The Politics of Provocation

Participation and Protest in Israel

By Gadi Wolfsfeld

Subjects: Israel Studies, Jewish Studies
Series: SUNY series in Israeli Studies
Paperback : 9780887067693, 240 pages, September 1988
Hardcover : 9780887067686, 240 pages, September 1988

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Table of contents

List of Figures

List of Tables



1. The Changing Political Culture of Israel

2. The Analytical Framework

3. Who, What, and Why: Explaining Individual Participation

4. Beyond the Numbers

5. Explaining Collective Action

6. Beyond the Collective Numbers

7. Outcomes of Collective Action

8. Conclusion

Methodological Appendix





Examines street demonstrations from 1980 through 1984.

Gadi Wolfsfeld is in the Department of Political Science and the Department of Communication at the Hebrew University of Jerusalem.


"In the past few years, it almost appears that protesting against the government has replaced working for it as the primary occupation of Jerusalem's residents. As the nation's capital, and home to the country's largest ultra-Orthodox community, the city is a natural focus for street demonstrations. As a result, Jerusalem has been the unhappy witness to a national rise in the number of public political activities. Wolfsfeld has been studying the Israeli proclivity for shouting in the streets. Wolfsfeld's research encompasses 423 street demonstrations from 1980 through 1984, and his conclusions both confirm and confound expectations. " — The Jerusalem Post - International Edition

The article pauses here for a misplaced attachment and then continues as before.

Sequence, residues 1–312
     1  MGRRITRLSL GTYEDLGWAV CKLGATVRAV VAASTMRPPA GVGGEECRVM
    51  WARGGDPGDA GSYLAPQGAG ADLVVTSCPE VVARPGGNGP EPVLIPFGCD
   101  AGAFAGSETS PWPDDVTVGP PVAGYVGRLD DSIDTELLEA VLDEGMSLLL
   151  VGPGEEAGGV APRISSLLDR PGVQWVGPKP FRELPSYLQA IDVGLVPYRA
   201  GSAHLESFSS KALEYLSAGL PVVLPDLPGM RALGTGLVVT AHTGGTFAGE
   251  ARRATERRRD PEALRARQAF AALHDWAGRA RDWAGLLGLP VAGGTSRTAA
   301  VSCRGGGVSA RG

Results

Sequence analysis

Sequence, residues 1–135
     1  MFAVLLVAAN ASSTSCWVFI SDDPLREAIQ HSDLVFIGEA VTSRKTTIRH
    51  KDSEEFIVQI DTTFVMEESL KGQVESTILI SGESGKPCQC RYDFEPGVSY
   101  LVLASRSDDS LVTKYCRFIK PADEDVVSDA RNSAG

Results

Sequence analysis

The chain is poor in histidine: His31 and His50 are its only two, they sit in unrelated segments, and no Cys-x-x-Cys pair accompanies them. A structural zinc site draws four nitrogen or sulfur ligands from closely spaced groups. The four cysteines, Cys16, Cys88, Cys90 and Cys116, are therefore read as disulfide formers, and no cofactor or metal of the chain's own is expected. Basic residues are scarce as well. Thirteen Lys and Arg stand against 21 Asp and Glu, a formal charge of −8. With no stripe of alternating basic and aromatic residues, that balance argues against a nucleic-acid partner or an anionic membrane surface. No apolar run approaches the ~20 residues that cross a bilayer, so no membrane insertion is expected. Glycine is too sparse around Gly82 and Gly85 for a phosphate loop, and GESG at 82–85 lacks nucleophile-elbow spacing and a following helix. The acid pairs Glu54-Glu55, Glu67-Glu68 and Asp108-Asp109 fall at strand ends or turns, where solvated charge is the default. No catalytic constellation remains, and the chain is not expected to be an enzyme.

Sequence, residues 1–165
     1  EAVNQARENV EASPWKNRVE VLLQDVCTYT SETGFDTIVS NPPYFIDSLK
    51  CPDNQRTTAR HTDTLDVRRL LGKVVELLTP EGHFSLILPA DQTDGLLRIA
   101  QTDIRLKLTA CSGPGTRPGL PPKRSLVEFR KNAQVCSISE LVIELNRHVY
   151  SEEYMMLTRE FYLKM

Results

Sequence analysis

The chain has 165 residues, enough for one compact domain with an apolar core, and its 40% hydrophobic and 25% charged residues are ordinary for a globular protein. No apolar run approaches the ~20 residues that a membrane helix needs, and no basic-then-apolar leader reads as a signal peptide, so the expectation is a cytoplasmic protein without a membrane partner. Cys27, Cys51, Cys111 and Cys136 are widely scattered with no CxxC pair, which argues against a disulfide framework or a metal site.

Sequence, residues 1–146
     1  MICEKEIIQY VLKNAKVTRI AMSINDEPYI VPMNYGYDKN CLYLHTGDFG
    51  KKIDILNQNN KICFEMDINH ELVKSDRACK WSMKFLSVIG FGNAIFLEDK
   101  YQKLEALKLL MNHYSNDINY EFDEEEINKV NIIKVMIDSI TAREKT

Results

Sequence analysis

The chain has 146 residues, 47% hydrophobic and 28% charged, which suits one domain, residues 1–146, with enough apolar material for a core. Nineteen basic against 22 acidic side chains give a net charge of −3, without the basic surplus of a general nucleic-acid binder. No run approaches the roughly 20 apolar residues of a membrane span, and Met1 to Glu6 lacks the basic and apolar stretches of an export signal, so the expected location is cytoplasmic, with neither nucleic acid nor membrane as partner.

"This book blends comprehensiveness with methodological rigor, unusually rich data, and a very straightforward presentation. In addition, its theoretical/conceptual orientation is both novel and grounded in sound testing with extensive data. The inclusion of both individual and collective behaviors is a feature almost never found in participation studies, and this one does so with remarkable ease in assembling relevant data and presenting it in a clearly categorized framework. Moreover, it is well written and almost completely devoid of padding and jargon. " — Marilyn Hoskin